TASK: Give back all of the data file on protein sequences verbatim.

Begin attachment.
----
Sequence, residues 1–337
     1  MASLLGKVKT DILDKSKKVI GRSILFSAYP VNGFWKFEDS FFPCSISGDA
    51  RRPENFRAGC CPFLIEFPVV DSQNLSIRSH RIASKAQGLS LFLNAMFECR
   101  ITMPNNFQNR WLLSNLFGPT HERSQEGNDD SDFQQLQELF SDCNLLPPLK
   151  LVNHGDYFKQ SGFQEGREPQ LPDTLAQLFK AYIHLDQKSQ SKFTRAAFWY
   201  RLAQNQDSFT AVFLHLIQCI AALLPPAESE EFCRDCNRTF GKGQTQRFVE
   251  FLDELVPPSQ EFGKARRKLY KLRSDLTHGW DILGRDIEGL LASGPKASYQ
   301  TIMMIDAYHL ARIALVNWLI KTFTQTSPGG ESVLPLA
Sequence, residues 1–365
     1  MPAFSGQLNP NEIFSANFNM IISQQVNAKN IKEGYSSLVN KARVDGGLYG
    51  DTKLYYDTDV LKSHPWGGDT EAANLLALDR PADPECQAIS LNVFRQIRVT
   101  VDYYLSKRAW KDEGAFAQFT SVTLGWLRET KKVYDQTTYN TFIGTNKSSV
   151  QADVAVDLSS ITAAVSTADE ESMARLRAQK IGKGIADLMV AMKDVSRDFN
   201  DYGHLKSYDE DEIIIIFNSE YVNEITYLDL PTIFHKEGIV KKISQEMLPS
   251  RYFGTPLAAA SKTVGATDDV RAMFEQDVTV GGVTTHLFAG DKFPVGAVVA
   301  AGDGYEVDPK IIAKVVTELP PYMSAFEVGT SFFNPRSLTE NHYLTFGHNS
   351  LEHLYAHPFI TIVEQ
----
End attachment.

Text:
Sequence, residues 1–337
     1  MASLLGKVKT DILDKSKKVI GRSILFSAYP VNGFWKFEDS FFPCSISGDA
    51  RRPENFRAGC CPFLIEFPVV DSQNLSIRSH RIASKAQGLS LFLNAMFECR
   101  ITMPNNFQNR WLLSNLFGPT HERSQEGNDD SDFQQLQELF SDCNLLPPLK
   151  LVNHGDYFKQ SGFQEGREPQ LPDTLAQLFK AYIHLDQKSQ SKFTRAAFWY
   201  RLAQNQDSFT AVFLHLIQCI AALLPPAESE EFCRDCNRTF GKGQTQRFVE
   251  FLDELVPPSQ EFGKARRKLY KLRSDLTHGW DILGRDIEGL LASGPKASYQ
   301  TIMMIDAYHL ARIALVNWLI KTFTQTSPGG ESVLPLA
Sequence, residues 1–365
     1  MPAFSGQLNP NEIFSANFNM IISQQVNAKN IKEGYSSLVN KARVDGGLYG
    51  DTKLYYDTDV LKSHPWGGDT EAANLLALDR PADPECQAIS LNVFRQIRVT
   101  VDYYLSKRAW KDEGAFAQFT SVTLGWLRET KKVYDQTTYN TFIGTNKSSV
   151  QADVAVDLSS ITAAVSTADE ESMARLRAQK IGKGIADLMV AMKDVSRDFN
   201  DYGHLKSYDE DEIIIIFNSE YVNEITYLDL PTIFHKEGIV KKISQEMLPS
   251  RYFGTPLAAA SKTVGATDDV RAMFEQDVTV GGVTTHLFAG DKFPVGAVVA
   301  AGDGYEVDPK IIAKVVTELP PYMSAFEVGT SFFNPRSLTE NHYLTFGHNS
   351  LEHLYAHPFI TIVEQ